2:19 Give it player_1, player_2, and roll one, and roll two.
2:21 And then it's going to come back and do the same test
2:24 with the data, here, that is returned.
2:26 And then down here
2:27 this is the thing that was created for us.
2:30 All this code down here was written by PyCharm
2:32 when we said extract method.
2:34 So that's pretty cool, right?
2:36 We could leave this comment up here.
2:37 Probably this check for winner
2:38 test for winner, is not necessary
2:40 because check for winning throw already tells us.
2:43 We could leave these comments here
2:44 if we think they're going to be helpful
2:46 probably they are for now.
2:47 So let's just leave that.
2:48 Now, we've changed our code in a way that's way cleaner
2:51 like hide that away, hide that away.
2:53 Now we can look at this and we can say
2:55 Okay, what does our program do?
2:56 Choose the header, comes up with the two players
2:59 and it plays the game. And we could actually do this as well.
3:02 We come down here and just write in place, you and computer.
3:06 Like that.
3:07 And we don't even have to explicitly do that.
3:10 So we're going to show the header and play the game.
3:12 Play game is made up of getting the rules
3:14 and getting the rule validated from the player.
3:16 If you can't play, you can't play.
3:18 We have this little print out, so we know what's happening.
3:20 And then we check for a winner.
3:21 It doesn't matter how complicated that is.
3:23 As we'll see, it can get more complicated
3:25 or better as we work on it.
3:27 And then the game is over
3:28 depending on how many people have won.
3:30 Let's try that.
3:31 It should behave exactly the same
3:33 but it is much easier to think about.
3:34 And you'll see that it's also easier for us to add
3:37 the best of five, or best of three, or whatever.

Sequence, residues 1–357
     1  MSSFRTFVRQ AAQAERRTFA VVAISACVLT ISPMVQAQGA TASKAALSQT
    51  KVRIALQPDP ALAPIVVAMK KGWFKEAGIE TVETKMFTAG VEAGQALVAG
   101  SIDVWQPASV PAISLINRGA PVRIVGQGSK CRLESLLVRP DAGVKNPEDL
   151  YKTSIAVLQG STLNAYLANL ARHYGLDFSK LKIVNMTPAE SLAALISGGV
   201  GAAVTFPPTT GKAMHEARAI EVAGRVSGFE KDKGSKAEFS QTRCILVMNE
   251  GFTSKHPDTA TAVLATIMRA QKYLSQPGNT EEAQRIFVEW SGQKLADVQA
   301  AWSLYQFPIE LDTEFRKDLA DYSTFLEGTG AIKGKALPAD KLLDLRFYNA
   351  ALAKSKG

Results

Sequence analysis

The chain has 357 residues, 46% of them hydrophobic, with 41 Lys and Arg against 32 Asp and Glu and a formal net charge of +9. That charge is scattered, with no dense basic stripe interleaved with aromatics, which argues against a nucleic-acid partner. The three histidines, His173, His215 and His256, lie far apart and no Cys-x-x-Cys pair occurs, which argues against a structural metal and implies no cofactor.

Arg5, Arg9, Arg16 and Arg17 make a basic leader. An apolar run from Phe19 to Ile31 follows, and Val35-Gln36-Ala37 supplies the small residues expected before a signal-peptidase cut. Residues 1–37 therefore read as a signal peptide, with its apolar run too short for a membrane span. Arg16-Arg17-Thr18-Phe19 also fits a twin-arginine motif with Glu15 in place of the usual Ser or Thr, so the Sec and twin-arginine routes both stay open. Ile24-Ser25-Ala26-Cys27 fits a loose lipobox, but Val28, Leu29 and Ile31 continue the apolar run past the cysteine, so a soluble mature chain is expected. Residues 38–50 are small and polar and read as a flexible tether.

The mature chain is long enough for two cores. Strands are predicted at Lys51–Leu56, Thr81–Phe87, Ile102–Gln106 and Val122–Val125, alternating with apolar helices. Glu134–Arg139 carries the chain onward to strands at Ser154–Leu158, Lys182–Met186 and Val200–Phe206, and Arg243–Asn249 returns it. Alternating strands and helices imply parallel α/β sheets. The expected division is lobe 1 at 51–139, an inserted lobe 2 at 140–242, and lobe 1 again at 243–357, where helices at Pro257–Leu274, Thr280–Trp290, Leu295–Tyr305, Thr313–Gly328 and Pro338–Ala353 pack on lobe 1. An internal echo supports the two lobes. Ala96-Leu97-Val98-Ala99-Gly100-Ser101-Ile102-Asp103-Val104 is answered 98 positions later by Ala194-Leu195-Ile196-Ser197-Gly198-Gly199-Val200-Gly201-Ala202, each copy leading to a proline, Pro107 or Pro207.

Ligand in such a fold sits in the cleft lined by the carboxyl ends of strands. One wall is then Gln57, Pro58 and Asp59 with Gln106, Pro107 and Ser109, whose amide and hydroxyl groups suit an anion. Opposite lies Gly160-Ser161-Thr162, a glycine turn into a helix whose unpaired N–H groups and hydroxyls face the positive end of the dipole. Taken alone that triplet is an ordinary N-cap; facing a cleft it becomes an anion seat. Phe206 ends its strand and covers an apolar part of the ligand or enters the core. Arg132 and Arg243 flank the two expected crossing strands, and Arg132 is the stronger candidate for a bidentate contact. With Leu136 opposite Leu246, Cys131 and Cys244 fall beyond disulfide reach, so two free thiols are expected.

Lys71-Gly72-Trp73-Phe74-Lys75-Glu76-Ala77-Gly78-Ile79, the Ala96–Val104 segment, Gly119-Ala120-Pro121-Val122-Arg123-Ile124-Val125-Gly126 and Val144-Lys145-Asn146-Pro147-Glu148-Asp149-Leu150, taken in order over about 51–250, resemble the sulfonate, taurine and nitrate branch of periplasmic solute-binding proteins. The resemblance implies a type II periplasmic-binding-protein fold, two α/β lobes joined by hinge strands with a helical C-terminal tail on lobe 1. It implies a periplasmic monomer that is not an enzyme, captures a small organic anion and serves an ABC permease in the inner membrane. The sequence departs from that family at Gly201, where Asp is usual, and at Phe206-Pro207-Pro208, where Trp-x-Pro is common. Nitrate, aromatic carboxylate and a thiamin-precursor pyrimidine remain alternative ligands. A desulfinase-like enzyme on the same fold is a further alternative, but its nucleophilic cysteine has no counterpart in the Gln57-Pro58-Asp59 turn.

3:40 I'm going to play rock.
3:41 I threw a rock, paper throws rock.
3:43 The game was tied.
3:44 So look, it still works, just like it should have.
3:47 Let's do one more.
3:48 Scissors, you roll scissors.
3:49 Computer rolls scissors.
3:50 Now the computer rolls rock.
3:52 Game over.
3:54 Ah, we lost. But we won the game of programming, didn't we?
3:57 Look at this. Look how much nicer this is.
3:59 And if we need to check for winning in other places
4:02 or we need to get rolls in other places
4:04 we just do that one line again.
4:06 And it allows us to have a simpler code
4:09 that we think in high levels about
4:10 but also to reuse it.
4:12 'Cause if you want to call it again
4:13 there's your player_2 against player_1 in a manual way.
4:17 Right? If you wanted to play computer
4:18 we could just come down here.
4:19 And I play rock, they play paper, boom, that's it.
4:23 Look how easy it was for us
4:25 to convert from an automatic player
4:27 over to one where we have a multi-player sort of situation.
4:31 And that was easy because this code is incredibly reusable.
4:35 All we got to do is call the function again
4:37 with different inputs, boom, we're off to the races.